TSA to make pat-downs more “intimate”


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Does this make you feel safer? TSA has decided to make the pat-downs they give to travelers more thorough and invasive.

Bloomberg reported that airport employees have already been notified at some locations that they need to employ a “more rigorous” and “thorough” screening. The screenings will reportedly include “more intimate contact” than before. The new measure also applies to airline pilots and flight attendants. [emphasis mine]

In other words, they are ordering their thugs at the airports to commit sexual assault each time they do a pat-down. Not only is this unconstitutional, it is downright criminal. Be prepared to hear about a a sex scandal when TSA employees abuse this power.

9 comments

  • Edward

    From the article: “Last month, as many as 11 people reportedly walked through an open and unattended checkpoint at New York’s JFK Airport.

    This is no reason to increase the manhandling/sexual assault of passengers. This is a reason to correct the causes of open checkpoints going unattended at any airport. It is enough that we already have the porno-vision machines and the nipple squeeze pat downs, we do not need more of it to correct the TSA’s deficiencies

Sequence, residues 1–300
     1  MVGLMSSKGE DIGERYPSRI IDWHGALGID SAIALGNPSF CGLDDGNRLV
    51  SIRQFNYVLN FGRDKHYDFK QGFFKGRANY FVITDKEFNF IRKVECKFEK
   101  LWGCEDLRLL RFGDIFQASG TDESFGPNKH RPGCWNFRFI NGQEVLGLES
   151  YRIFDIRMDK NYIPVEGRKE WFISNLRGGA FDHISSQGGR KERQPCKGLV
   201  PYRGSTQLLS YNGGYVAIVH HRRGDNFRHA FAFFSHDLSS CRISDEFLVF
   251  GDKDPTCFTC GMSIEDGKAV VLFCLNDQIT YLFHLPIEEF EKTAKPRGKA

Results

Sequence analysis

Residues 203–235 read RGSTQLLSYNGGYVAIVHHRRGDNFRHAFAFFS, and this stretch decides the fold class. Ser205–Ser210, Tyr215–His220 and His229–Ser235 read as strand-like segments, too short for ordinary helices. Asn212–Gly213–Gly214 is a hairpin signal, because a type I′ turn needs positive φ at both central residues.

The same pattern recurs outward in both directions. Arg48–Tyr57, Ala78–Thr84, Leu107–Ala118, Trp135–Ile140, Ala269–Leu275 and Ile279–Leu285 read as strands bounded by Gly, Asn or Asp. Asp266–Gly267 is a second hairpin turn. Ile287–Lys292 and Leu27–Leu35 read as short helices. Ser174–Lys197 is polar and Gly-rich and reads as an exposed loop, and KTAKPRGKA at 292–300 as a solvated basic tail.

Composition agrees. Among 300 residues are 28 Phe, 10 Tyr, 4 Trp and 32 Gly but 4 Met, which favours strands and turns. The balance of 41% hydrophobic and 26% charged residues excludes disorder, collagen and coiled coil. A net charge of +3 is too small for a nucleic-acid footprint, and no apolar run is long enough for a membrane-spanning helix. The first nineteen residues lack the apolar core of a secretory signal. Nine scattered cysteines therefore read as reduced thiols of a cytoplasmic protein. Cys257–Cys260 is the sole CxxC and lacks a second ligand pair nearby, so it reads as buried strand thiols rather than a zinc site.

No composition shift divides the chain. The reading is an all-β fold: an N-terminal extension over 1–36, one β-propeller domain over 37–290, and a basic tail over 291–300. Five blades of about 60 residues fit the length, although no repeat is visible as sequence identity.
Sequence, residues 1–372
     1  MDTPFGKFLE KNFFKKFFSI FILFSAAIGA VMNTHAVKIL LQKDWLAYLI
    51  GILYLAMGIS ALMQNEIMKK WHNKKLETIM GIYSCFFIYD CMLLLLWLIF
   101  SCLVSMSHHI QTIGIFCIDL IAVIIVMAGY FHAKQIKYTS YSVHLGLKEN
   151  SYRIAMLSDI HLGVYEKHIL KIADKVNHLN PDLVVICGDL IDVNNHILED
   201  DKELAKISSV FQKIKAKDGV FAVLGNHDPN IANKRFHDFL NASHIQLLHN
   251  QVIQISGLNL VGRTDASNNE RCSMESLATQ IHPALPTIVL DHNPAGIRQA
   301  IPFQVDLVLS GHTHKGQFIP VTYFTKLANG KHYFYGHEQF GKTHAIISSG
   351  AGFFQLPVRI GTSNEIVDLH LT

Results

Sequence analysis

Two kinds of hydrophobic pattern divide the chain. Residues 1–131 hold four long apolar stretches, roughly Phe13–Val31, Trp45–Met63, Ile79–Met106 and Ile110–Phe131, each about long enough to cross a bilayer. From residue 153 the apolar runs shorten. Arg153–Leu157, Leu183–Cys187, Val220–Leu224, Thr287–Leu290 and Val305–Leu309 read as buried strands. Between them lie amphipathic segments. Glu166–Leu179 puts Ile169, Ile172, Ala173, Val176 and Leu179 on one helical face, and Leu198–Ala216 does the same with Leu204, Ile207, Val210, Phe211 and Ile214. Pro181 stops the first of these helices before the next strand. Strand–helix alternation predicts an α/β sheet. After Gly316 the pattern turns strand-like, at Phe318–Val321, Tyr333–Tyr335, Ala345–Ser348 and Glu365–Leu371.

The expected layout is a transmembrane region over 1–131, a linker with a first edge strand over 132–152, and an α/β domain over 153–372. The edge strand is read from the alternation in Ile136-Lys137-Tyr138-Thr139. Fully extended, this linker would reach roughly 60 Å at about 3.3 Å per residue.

Sloppy work on the TSA’s part is no reason for more invasive passenger checks or less personal privacy on the passenger’s part. It is a reason to reduce the sloppy work by the TSA agents or the sloppy procedures of the TSA organization.

  • Edward: I disagree with you, but not in the obvious direction. I think the TSA’s sloppy work as well as its abusive approach are both justifications for completely eliminating it. I say, go back to our Constitutional roots. Allow Americans to carry weapons freely, as they used to do out west, and have police officers on board riding shotgun. Not only will that prevent hijackings, it will improve the quality of life of Americans, who will no longer have to waste their time with the stupid TSA theater that accomplishes nothing.

  • Cotour

    I think a general but deep automatic security name check using the internet that indicates a passengers potential for trouble and personal agent observation, x raying baggage and letting it be known that on each flight there is an armed officer would probably be sufficient. AND I would suggest that people not travel so much using the airlines.

    When is the last time there was a “high jacking”? The 70’s? Especially with the new secure cockpit door requirements. I think there are reasonable expectations that a modern plane may be able to be remotely controlled if it is thought to be in trouble. Maybe a Boeing engineer could comment on that aspect of modern plane operation, are most modern planes able to be controlled in such a way?

    There is probably reasonable fear that a plane could be brought down by explosives, especially as this American / Radical Islam issue gets pumped with the installation of trump as the president.

  • Cotour

    “When is the last time there was a “high jacking”? The 70’s? ”

    Well maybe a bit more recent than the 70’s.

  • pzatchok

    Has the TSA EVER found a terrorist or a real bomb?